These bodies stayed imprinted in our heads long after the credits rolled.Read article
The sport (or culture) of bodybuilding is older than much of the nutritional and metabolic science we take for granted today. For decades, traditions have been passed along during small talk between sets and, perhaps even more significantly, through bodybuilding magazines. In this day and age, however, with scientific information just a click away, I thought it would be good to address some of the critical aspects of preparing for a bodybuilding contest—namely diet and supplementation, from a research-based perspective.
A recent paper published in the Journal of the International Society of Sports Nutrition did an excellent job of addressing the important questions that come up when preparing a pre-contest diet. One of the biggest questions, and the first that must be addressed, is how many calories should be consumed. Obviously, this is going to depend on your body size and body composition, but regardless of your size, the same principles apply. The first principle is that the greater the caloric deficit you impose, the more muscle you will lose. Aggressive dieting that results in sudden and dramatic weight loss can lead to equal amounts of muscle and fat being lost at the same time. Keep in mind that the body can break down muscle tissue five times faster than it can build it, so you want to do everything you can to protect all your hard-earned muscle as you prepare for your contest. Research on the subject indicates that a rate of weight loss equaling no more than 0.5–1% of bodyweight per week is going to reduce the loss of muscle mass. For most bodybuilders, this means no more than one to two pounds per week.
The second principle is that the leaner you are, the greater the percentage of muscle you will lose as you drop weight. There is a limit to the amount of energy your body fat can supply. For example, it has been estimated that each pound of body fat can supply no more than 31 kcals per day. That’s a maximum of 31 calories, with the assumption that conditions are perfect for fat mobilization. In the real world, things are seldom perfect, so the reality is it will be a little less than 31 calories in most cases. Let’s look at an example: If you have 100 pounds of body fat, like the folks who compete on those weight-loss competitions on TV, your own fat can provide 3,100 kcals per day. That means you can create a 3,100-calorie daily deficit without really forcing your body to tap into your muscle mass for extra calories. If, on the other hand, you only have 20 pounds of body fat (e.g., a 200-pound bodybuilder at 10–11% body fat), your own fat can at best only provide 620 calories per day. So if you create a caloric deficit larger than 620 calories, be it through diet, exercise, or both, your body must use protein for fuel—it has no other option. I know some of you are saying, yeah, but that’s all fat calories—doesn’t your body also need some sugar for fuel? Yes, it does, and we’ll get into that in a moment, but for now, understand that the leaner you get, the more difficult it is to keep from losing muscle as you diet because there is a limit to the rate that your body can release fat for fuel.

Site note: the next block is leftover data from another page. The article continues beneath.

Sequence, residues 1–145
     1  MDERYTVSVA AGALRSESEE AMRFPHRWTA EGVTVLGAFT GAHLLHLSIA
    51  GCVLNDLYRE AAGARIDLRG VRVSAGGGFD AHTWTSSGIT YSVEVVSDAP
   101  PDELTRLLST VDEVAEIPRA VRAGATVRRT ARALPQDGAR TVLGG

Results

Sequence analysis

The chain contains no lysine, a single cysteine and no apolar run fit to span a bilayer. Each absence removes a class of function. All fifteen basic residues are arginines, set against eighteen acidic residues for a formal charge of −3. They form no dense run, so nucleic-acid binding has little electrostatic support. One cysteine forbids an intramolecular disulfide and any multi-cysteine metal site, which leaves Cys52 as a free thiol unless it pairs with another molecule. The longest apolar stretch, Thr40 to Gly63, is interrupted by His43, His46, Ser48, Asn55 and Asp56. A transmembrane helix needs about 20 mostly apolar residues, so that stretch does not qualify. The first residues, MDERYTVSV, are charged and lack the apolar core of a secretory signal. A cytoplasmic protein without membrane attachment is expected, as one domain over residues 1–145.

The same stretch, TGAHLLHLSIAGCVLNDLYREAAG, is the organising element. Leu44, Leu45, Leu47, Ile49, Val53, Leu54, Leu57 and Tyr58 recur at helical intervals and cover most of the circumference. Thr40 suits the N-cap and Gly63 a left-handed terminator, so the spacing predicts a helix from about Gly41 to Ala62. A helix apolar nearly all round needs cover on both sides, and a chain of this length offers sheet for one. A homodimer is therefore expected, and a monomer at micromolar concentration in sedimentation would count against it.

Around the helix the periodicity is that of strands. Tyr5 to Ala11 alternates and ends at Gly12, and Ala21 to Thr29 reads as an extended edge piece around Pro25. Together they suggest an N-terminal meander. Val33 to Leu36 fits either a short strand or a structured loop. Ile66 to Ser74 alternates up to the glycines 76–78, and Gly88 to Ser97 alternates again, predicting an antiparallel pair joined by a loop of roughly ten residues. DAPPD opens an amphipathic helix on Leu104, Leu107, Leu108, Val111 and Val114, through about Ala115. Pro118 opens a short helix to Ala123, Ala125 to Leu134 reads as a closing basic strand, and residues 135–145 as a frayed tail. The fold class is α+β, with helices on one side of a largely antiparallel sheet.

The third principle is that the longer you keep the body in a caloric deficit, the more it will adapt by slowing the metabolic rate (i.e., calories required per pound of body weight). In those studies that have been done, the metabolic rate has been shown to fall as little as 80 calories per day to as much as 500 calories per day! This tells us that adjustments will need to be made along the way to account not only for a reduction in caloric requirements due to body-weight loss, but also because your metabolic rate will slow, making weight loss slow down with it.